Monday, May 14, 2012

Me, The Mob, And The Music: One Helluva Ride with Tommy James and the Shondells

Admit it.  You can name three or four Tommy James tunes off the top of your head.  How about these: Crimson and Clover, Crystal Blue Persuasion and I Think We're Alone Now.  All great pop songs. All number one records.  All memorable.  All embedded in our ears.  And that's without mentioning Mony, Mony, Hanky Panky, Draggin' the Line or a mess of other singles that charted high.
Let me say, right off the bat, I'm not some secret Tommy James freak who has been waiting all my life for this memoir.  In fact, I doubt only the true Tommy James freak, of which there must be some somewhere, have been waiting all their lives for this memoir.  Still, when I saw this was being published, it made me think about Tommy James and the Shondells and their place in the scheme of rock 'n' roll.  What was it like for a lightweight hitmaker like Tommy James to hit it big while the Beatles, the Stones, Jimi Hendrix, and other more influential musicians were at the height of their popularity and creative output?  Hoping for an answer to that question made me want to read this memoir.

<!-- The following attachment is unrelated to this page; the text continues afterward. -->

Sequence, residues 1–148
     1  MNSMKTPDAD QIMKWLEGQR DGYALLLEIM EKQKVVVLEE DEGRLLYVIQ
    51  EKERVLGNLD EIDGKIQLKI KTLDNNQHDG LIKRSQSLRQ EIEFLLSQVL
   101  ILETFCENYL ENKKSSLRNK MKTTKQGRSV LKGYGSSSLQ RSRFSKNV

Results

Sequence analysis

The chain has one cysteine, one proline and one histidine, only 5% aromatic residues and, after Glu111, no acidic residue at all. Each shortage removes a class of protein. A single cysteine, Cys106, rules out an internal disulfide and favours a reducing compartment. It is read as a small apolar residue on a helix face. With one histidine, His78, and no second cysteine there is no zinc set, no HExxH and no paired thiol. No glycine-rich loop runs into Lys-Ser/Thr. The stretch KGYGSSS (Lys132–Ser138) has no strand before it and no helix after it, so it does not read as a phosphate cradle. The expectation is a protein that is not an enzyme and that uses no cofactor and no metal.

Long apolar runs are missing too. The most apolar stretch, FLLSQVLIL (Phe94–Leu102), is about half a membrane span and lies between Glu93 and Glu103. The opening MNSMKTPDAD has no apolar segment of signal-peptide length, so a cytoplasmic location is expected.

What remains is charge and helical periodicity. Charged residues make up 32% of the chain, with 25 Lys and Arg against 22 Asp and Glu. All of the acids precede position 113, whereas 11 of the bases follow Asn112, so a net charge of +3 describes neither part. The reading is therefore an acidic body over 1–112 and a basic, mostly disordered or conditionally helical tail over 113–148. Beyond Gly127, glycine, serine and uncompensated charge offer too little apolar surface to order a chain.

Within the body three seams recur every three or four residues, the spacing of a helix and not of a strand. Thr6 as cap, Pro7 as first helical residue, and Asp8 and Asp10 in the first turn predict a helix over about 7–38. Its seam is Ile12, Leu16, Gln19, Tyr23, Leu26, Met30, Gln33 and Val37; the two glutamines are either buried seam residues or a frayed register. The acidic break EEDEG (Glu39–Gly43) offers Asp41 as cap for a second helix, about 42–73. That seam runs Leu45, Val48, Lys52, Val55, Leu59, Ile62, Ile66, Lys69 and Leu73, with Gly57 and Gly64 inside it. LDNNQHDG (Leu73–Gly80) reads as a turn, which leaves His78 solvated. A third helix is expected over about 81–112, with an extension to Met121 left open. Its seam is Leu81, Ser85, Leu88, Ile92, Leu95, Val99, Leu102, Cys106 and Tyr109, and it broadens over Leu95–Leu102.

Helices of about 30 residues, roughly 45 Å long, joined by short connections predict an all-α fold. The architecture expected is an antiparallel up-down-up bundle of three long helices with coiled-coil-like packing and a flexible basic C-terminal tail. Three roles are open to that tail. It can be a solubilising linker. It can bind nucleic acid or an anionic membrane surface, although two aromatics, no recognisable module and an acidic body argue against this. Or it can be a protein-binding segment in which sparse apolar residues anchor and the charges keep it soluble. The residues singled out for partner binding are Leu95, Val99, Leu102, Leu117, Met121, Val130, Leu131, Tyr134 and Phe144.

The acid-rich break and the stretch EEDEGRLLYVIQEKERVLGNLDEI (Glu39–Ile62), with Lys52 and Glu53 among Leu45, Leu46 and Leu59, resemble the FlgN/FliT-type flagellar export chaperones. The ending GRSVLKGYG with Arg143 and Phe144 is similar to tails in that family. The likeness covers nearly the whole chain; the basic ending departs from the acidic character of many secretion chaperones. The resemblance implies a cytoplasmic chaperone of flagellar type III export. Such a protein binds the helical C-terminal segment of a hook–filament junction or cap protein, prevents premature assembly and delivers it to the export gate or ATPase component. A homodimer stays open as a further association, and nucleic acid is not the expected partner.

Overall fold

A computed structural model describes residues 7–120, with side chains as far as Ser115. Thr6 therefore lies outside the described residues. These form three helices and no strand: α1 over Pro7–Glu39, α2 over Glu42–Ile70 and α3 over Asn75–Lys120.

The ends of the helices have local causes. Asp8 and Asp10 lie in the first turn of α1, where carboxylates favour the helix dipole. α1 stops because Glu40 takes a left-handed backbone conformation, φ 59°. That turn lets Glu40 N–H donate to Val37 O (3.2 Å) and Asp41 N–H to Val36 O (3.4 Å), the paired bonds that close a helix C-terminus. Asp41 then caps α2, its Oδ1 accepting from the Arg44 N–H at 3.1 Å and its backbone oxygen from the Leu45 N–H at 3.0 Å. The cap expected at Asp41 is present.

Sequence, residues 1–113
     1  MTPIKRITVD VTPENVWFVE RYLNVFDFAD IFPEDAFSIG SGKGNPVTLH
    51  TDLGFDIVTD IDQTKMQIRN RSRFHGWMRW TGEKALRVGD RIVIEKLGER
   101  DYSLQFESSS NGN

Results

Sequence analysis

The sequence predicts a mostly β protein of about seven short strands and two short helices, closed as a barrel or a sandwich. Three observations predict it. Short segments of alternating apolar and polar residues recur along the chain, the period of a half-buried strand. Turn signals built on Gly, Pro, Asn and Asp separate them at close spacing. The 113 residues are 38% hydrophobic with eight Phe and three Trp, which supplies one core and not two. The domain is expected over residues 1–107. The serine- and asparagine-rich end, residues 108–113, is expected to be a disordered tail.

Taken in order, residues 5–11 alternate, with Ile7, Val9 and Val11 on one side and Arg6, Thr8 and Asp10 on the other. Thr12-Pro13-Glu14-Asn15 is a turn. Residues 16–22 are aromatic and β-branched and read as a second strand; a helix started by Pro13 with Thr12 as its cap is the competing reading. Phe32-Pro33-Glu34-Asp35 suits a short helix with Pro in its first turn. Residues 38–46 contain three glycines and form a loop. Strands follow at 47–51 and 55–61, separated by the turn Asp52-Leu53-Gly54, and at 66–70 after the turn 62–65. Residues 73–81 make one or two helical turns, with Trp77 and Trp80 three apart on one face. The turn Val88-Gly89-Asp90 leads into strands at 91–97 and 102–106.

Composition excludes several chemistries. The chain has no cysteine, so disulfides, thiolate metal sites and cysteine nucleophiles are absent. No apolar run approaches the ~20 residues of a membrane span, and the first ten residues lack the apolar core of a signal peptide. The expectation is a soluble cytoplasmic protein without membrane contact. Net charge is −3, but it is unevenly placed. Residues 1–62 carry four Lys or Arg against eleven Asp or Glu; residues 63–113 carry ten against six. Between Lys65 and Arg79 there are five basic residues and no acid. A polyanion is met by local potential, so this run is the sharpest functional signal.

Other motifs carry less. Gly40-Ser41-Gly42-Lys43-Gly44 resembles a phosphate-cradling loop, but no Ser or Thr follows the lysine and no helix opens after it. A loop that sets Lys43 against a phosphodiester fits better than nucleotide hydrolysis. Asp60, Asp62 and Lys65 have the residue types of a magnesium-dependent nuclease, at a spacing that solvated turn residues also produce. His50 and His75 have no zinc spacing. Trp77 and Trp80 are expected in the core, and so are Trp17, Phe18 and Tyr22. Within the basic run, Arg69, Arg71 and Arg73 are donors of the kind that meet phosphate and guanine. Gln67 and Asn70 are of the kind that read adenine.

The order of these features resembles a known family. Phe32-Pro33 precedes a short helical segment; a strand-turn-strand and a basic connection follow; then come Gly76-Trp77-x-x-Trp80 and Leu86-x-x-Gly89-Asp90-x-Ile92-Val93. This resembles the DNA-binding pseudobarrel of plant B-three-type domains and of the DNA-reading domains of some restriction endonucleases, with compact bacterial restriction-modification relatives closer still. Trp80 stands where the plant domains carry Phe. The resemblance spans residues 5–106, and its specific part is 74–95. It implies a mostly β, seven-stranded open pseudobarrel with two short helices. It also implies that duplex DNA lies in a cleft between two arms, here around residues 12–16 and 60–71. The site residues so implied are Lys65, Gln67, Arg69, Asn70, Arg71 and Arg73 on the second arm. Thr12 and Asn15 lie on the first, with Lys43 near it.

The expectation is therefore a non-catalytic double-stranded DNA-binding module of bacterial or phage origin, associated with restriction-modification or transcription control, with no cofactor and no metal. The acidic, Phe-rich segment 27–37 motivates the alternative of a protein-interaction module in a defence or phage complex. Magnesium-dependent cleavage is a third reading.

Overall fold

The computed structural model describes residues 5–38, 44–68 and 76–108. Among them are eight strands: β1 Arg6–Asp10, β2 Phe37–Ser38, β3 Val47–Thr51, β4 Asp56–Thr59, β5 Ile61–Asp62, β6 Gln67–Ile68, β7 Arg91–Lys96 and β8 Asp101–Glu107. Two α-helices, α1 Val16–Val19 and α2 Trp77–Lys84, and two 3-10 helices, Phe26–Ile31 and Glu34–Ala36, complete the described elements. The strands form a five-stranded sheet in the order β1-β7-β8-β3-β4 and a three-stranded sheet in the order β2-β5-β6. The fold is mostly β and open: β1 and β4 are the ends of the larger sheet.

So there's the "Me" and the "Music" of the title.  What of "the Mob"?  Ah, yes, the story of Roulette Records, the baby of Morris Levy, a notorious label chief who was so mobbed-up, he gave his bodyguards their own labels.  A guy so cutthroat, he actually cut throats.  Thing is, he knew a hit when he heard it.  Tommy James came along after a long dry spell for Roulette so Levy made him a star.  Along the way, Levy invented the cut-out and the K-Tel label as a way to double dip from his own publishing empire.  Shrewd, mean and loyal.  That was Morris Levy. 

No great revelations here, of course: kid comes from nothing, makes it big, mobster screws him out of millions, too much booze, too many pills, James finds Jesus (I do wish Jesus would talk to James about his hair!  He sports a rather frightening coif these days), record label folds like a house of cards, prison, cancer, oldies circuit.  Sounding like every cliche imaginable, Me, The Mob, and The Music is a highly readable story that I couldn't put down.  Honest.

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